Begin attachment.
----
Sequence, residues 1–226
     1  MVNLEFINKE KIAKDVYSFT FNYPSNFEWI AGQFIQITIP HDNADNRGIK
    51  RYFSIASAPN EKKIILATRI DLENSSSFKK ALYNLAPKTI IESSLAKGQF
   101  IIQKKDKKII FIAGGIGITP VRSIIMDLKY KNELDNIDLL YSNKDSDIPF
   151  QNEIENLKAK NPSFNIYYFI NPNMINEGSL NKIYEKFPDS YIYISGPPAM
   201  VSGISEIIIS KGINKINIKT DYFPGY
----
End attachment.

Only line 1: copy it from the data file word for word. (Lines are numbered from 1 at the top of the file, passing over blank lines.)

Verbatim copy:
Sequence, residues 1–226